Central America overland travel guide

Central America overland guide


2 MINUTE SUMMARY

Central America is one idyllic isthmus flanked by both the Caribbean and Pacific. A troubled region for many years, with a history of coups and crises, many parts of it remain untouched by tourism, even though they are now living through much more peaceful times. To travel around a selection of them, it can be hard to get your head around where to even start, with Mayan ruins a plenty, adventures abounding and beaches a go go. This is where overland trips step in, taking you on well crafted odysseys created by local experts. With an itinerary that might take you through six countries in a few weeks, you don’t have to do any planning, but you do have plenty of time to get off the bus and just do your own thing. Be it blissing out on a Belizean beach, doing a night hike on a Nicaraguan volcano or white water rafting in Costa Rica.
Find out more in our Central America overland travel guide.

What we rate & what we don't


RESPONSIBLE TRAVEL’S BEST & WORST

Underrated

Human rights Guatemala Nicaragua Honduras

Human rights

Just look at Amnesty International’s homepage for a good snapshot of human rights abuses and please don’t turn a blind eye. Homosexuality is illegal in Belize, indigenous peoples mistreated in Nicaragua, women and women’s rights violated in Honduras, and former Guatemalan head of state Efraín Ríos Montt was found guilty in 2013 of genocide and crimes against humanity. Please support and keep up to date with work of Amnesty and Human Rights Watch.

Guatemala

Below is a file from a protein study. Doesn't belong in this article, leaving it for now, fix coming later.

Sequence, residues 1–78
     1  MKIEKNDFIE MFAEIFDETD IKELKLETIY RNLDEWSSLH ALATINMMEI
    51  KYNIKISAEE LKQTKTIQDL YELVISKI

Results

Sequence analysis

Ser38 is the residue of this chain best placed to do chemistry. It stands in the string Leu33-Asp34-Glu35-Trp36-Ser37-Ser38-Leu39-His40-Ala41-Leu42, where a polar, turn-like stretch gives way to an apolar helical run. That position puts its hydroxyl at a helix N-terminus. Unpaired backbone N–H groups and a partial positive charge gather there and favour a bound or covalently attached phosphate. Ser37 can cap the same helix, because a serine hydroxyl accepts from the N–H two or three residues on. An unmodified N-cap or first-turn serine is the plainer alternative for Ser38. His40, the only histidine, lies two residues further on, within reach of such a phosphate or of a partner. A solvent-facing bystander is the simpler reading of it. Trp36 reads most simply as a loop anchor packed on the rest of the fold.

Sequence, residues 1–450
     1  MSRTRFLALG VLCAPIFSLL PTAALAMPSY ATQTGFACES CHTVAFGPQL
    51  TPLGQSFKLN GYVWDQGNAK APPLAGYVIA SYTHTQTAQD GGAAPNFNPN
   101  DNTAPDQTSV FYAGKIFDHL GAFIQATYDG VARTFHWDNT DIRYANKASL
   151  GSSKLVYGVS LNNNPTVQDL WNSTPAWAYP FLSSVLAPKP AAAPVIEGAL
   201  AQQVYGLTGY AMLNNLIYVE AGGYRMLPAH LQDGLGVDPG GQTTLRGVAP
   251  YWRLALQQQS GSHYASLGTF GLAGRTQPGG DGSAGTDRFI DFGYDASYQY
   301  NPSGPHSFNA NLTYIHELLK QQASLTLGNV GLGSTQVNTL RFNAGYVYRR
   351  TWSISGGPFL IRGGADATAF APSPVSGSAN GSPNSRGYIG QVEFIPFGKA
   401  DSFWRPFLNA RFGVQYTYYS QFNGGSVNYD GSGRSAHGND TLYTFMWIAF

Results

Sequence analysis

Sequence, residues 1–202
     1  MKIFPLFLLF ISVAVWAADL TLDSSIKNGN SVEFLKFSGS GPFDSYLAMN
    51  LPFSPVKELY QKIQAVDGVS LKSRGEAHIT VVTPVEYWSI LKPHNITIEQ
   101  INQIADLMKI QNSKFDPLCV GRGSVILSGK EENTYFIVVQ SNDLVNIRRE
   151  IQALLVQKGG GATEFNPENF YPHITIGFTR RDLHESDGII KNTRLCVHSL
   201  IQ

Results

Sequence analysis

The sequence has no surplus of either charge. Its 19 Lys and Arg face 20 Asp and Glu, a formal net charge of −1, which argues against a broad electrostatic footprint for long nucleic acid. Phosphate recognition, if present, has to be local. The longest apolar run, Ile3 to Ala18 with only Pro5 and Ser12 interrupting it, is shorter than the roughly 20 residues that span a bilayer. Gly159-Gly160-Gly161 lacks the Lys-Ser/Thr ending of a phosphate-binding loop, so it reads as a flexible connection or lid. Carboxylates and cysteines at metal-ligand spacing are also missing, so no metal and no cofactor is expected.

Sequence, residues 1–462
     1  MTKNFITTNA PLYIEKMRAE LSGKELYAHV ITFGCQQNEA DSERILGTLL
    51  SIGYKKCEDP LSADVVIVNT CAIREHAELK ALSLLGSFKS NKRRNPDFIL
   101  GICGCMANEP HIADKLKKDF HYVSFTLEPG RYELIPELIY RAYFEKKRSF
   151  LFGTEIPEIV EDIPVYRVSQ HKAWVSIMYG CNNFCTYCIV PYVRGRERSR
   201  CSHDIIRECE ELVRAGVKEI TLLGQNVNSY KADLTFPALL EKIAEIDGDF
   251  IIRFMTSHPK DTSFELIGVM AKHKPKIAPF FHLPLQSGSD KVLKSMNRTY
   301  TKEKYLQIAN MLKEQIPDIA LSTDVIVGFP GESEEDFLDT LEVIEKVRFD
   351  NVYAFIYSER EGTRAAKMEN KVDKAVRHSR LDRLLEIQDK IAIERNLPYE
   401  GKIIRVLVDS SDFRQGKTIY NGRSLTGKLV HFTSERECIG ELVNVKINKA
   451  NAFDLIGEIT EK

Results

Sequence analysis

Although Guatemala is already famous for its magnificent Mayan ruins at Tikal, Topoxte and Yaxha, it is also a nirvana for nature lovers. Take a boat ride along the Rio Dulce and its eponymous national park all the way to the Caribbean coast. Hike to San Pedro volcano or kayak across the stunning Lake Atitlan, or swim in the sultry waters of Lake Petén Itzá, with the island town of Flores as your base.

Nicaragua

If you hear this described as the poor man’s Costa Rica, think again. Nicaragua is completely different, but just as stunning and with a lot fewer tourists. Touching two seas, it is all about jungles, volcanoes and coast, as well as music, food and laughter. Highlights include the elegant, colonial city of León. And traditional Granada, with Volcán Mombacho as its backdrop. As is Lake Nicaragua and its magnificent Ometepe Island. text

Honduras

A relative newbie on overland tours, this country has been slower to emerge from poverty than some of its neighbours, and many communities are now embracing tourism as a sustainable and sumptuous way to break the cycle. Highlights include Copán’s copious Mayan ruins, the Caribbean island resort and luscious lagoons of Roatán, or go hiking through the jungle- and waterfall-filled terrain of Pico Bonito National Park.

Rated

Costa Rica Mayan Trail Indigenous cultures Cayes & Cenotes

Costa Rica

This is still the classic eco stop on overland tours in Central America. From the peak of the iconic Arenal Volcano, the flora and fauna of the Monteverde Cloud Forest, to the coastal mangroves of Tortuguero National Park where you can travel by boat to see green turtles, manatees and howler monkeys. Or enjoy the Afro-Caribbean vibe in Puerto Viejo, where the sound of surf segues sublimely with reggae music.

Mayan Trail